Q-PCR was carried out with synthesised single-stranded cDNA as described above and using the protocol recommended for the use with 7500 Fast Real-Time PCR Systems (Applied Biosystems, Foster City, CA, USA). Preparations of cDNA were diluted (1:25 to 1:100) and tested by qPCR using RBCS1-specific primer pairs (Table 1) designed using Primer Express software (Applied Biosystems), which were preliminarily tested for their specificity and efficiency against a cDNA mix (data not shown). The qPCR was performed with 1 μl of diluted ss-cDNA and 0.2 μM (final concentration) of each primer in a final volume of 10 μl with 1 × SYBR green fluorochrome (SYBRGreen qPCR Mix-UDG/ROX, Invitrogen). The reaction mixture was incubated for 2 min at 50°C (Uracil DNA-Glycosylase treatment), then 5 min at 95°C (inactivation of UDGase), followed by 40 amplification cycles of 3 sec at 95°C and 30 sec at 60°C (annealing and elongation). Data were analysed using SDS 2.1 software (Applied Biosystems) to determine cycle threshold (Ct) values corresponding to the mean of triplicate samples. The specificity of the PCR products generated for each set of primers was verified by analysing the Tm (dissociation) of the amplified products. For each primer pair, PCR efficiencies (E) were estimated using absolute fluorescence data captured during the exponential phase of amplification of each reaction with the equation (1+E) = 10(-1/slope) [100]. Efficiencies were taken into account for all subsequent calculations. Expression values were expressed in relative quantification by applying the formula (1+E)-ΔCt where ΔCt = Ctmean target gene - Ctmean reference gene. Gene expression levels were normalised (SDS 2.1 software) with the expression of the reference gene ubiquitin (CcUBQ10) for the experiments with C. canephora or glyceraldehyde-3-phosphate dehydrogenase (GAPDH) for other experiments [101].

Protein extraction and analysis by two-dimensional gel electrophoresis (2-DE)

Total protein was extracted from leaves of clones 14 (drought-tolerant) and 22 (drought-susceptible) of C. canephora var. Conilon using a modified phenol/SDS method and further separated by two-dimensional gel electrophoresis (2-DE). The first dimension (isoelectric focalisation) was carried through using Immobilized pH gradient (IPG, pH 3-10 or pH 4-7) strips of 13 cm previously incubated (12 h, 20°C) with 500-1000 μg of protein and analysed using an Ettan IPGphor 3 Isoelectric Focusing system (GE Healthcare). The second dimension was made using a 11% SDS-polyacrylamide gel (PAGE) in a Hoefer SE 600 Ruby system (GE Healthcare) cooled at 12°C with 15 mA/gel for 45 min followed by 30 mA/gel for 180 min. Then, gels were stained using the colloidal (G-250) Coomassie blue method, and images were analysed with ImageMaster Software 2D Platinum 6.0. The normalised protein abundance of the RBSC1 isoforms was obtained from the relative spot volume expressed by percentage volume (%V), which was calculated from the gel images as the volume of a specific spot divided by the sum of the volume of all other spots present in the gel multiplied by 100. For protein sequence analysis, spots of interest were manually removed from gels, submitted to trypsin enzymatic treatment and analysed by mass spectrometry using a Maldi-TOF/TOF spectrometer (Bruker Daltonics). ImageMaster Platinum 6.0.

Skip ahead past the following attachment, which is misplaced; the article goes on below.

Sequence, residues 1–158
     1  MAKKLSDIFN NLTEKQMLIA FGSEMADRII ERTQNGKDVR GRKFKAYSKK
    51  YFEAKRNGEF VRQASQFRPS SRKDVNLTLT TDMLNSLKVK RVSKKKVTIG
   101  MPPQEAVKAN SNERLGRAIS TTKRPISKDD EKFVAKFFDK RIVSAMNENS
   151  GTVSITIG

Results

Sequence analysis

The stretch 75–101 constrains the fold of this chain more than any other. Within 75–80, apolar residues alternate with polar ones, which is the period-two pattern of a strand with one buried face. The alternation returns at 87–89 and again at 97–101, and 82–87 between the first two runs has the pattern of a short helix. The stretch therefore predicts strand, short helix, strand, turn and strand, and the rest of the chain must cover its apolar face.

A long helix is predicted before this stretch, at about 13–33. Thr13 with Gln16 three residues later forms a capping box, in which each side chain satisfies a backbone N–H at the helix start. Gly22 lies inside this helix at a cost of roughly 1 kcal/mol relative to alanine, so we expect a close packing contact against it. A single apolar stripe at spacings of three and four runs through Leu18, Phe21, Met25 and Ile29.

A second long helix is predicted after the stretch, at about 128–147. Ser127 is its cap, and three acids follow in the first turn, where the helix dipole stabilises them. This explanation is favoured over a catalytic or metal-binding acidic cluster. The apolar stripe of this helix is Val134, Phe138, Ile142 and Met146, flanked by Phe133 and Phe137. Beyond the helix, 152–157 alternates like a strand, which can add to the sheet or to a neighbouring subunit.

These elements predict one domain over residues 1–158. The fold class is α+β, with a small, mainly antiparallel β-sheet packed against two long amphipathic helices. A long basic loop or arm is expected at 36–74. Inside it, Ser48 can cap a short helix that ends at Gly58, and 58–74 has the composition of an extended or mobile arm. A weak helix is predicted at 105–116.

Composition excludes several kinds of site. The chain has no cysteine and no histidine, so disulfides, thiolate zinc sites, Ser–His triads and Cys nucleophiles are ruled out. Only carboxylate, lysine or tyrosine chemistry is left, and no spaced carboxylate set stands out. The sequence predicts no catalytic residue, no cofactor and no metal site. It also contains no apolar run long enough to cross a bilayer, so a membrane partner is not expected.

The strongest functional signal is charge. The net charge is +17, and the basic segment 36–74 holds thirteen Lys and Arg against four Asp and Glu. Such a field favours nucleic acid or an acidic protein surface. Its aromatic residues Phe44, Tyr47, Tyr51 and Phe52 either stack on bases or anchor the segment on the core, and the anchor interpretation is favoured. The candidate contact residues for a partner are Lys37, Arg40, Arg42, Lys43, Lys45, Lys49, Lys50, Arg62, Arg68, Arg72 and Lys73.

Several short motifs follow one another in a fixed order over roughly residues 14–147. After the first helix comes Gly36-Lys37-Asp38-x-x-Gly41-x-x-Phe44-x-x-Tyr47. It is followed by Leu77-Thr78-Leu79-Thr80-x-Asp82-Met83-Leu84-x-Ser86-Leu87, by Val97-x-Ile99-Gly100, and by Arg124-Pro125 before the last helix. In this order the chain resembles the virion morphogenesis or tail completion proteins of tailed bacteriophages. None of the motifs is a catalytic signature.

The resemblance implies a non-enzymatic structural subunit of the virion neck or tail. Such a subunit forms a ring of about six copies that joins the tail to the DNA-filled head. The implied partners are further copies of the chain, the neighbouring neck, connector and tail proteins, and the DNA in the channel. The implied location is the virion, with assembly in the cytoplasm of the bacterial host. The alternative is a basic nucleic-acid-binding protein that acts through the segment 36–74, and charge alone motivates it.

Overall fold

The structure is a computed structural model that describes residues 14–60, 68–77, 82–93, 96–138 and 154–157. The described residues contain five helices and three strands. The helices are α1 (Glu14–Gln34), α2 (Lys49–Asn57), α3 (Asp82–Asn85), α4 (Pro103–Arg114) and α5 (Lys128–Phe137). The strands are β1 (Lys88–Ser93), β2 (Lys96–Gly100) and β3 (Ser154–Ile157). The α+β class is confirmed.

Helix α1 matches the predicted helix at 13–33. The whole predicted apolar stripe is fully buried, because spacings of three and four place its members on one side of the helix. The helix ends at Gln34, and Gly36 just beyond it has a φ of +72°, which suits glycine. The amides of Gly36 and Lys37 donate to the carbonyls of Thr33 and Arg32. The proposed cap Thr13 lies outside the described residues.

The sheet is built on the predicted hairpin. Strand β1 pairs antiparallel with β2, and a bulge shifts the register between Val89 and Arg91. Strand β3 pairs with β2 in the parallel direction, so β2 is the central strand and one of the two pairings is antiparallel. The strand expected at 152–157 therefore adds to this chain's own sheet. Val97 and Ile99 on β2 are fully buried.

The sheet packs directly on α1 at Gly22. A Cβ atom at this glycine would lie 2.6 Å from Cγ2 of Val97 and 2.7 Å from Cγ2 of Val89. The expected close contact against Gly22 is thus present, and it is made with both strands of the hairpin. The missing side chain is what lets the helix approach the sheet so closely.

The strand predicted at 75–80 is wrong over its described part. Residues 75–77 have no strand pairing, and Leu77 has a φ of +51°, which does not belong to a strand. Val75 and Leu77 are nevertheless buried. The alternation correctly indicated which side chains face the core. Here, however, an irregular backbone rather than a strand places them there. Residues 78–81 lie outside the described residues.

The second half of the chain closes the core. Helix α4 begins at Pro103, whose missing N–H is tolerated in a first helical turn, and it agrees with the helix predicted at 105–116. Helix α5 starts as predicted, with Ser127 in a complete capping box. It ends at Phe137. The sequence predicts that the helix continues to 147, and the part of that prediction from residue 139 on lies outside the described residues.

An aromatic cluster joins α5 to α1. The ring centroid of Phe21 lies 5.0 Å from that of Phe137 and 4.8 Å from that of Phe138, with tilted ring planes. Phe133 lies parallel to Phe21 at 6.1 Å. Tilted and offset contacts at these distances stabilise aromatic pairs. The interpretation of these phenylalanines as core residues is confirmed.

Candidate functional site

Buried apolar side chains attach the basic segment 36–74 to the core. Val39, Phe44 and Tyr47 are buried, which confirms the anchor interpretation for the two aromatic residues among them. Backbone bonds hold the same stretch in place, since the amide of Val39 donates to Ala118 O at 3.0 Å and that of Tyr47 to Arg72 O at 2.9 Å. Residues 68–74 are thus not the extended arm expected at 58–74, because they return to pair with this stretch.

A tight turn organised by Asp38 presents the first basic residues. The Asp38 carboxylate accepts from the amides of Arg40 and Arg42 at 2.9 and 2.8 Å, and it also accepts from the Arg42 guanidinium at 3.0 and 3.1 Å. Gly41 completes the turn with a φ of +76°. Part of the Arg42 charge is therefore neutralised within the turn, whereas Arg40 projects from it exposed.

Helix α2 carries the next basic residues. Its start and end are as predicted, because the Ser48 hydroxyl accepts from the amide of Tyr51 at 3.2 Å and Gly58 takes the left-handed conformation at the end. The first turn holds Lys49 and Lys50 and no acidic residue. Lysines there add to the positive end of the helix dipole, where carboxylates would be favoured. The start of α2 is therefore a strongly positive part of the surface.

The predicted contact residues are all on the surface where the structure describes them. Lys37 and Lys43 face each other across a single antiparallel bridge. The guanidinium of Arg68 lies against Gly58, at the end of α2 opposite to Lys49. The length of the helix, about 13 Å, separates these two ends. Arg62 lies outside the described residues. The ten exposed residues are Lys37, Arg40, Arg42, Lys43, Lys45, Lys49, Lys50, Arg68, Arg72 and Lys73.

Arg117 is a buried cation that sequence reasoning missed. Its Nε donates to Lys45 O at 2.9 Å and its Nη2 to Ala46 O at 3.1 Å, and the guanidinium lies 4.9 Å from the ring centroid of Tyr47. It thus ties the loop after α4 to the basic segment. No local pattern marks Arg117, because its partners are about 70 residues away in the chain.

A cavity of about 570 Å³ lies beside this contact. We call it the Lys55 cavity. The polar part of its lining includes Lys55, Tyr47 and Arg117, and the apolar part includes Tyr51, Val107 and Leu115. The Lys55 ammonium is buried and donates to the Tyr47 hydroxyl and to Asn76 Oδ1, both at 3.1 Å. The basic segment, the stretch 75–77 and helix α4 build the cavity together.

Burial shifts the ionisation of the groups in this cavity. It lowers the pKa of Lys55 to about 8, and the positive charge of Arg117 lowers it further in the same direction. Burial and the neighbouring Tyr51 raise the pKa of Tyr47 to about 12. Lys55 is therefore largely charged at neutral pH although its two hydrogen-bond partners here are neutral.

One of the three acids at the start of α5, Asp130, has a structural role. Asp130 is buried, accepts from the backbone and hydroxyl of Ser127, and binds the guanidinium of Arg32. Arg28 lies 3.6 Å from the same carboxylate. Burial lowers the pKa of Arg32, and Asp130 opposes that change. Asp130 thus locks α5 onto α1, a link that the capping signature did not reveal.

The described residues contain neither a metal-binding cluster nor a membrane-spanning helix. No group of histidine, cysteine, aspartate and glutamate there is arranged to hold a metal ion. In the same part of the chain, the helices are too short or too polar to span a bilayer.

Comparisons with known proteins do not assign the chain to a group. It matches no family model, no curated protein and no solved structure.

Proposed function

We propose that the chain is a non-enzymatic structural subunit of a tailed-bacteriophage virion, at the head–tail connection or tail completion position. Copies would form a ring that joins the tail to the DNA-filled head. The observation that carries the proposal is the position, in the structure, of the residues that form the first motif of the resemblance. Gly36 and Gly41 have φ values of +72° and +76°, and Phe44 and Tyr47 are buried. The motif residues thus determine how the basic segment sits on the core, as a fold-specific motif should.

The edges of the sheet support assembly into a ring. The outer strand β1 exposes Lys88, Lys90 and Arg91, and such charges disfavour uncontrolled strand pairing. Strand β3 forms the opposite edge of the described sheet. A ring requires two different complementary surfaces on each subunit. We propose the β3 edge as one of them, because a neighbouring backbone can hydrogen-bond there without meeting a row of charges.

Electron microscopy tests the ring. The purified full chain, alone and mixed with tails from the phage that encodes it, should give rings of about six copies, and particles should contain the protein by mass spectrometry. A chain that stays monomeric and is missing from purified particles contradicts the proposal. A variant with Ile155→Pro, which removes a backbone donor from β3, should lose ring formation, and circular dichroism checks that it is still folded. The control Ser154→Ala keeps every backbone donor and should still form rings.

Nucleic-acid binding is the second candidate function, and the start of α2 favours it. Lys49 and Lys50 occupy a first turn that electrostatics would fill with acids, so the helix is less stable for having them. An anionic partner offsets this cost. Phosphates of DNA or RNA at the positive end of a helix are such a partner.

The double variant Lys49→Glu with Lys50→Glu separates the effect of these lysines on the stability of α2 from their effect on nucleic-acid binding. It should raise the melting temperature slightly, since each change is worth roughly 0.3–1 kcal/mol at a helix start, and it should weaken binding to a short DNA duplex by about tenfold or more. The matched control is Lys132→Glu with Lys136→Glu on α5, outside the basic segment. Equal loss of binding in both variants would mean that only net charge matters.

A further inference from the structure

Protein sequencing and identification

The proteins were identified by PMF ("Peptide Mass Fingerprinting") using PiumsGUI2.2 and MS/MS Ion Search using software X!Tandem. Obtained sequences were screened against the SOL Genomics Network and other coffee sequences available in public databases. The packages Trans-Proteomic Pipeline (TPP) and Scaffold were used to analyse protein data. MS and MS/MS analysis by MALDI TOF/TOF was performed for all protein spots that corresponded to RBSC1 isoforms. The results and sequences of the all identified peptides were further confirmed by de novo sequencing using FlexAnalysis software (Bruker Daltonics).

Accession numbers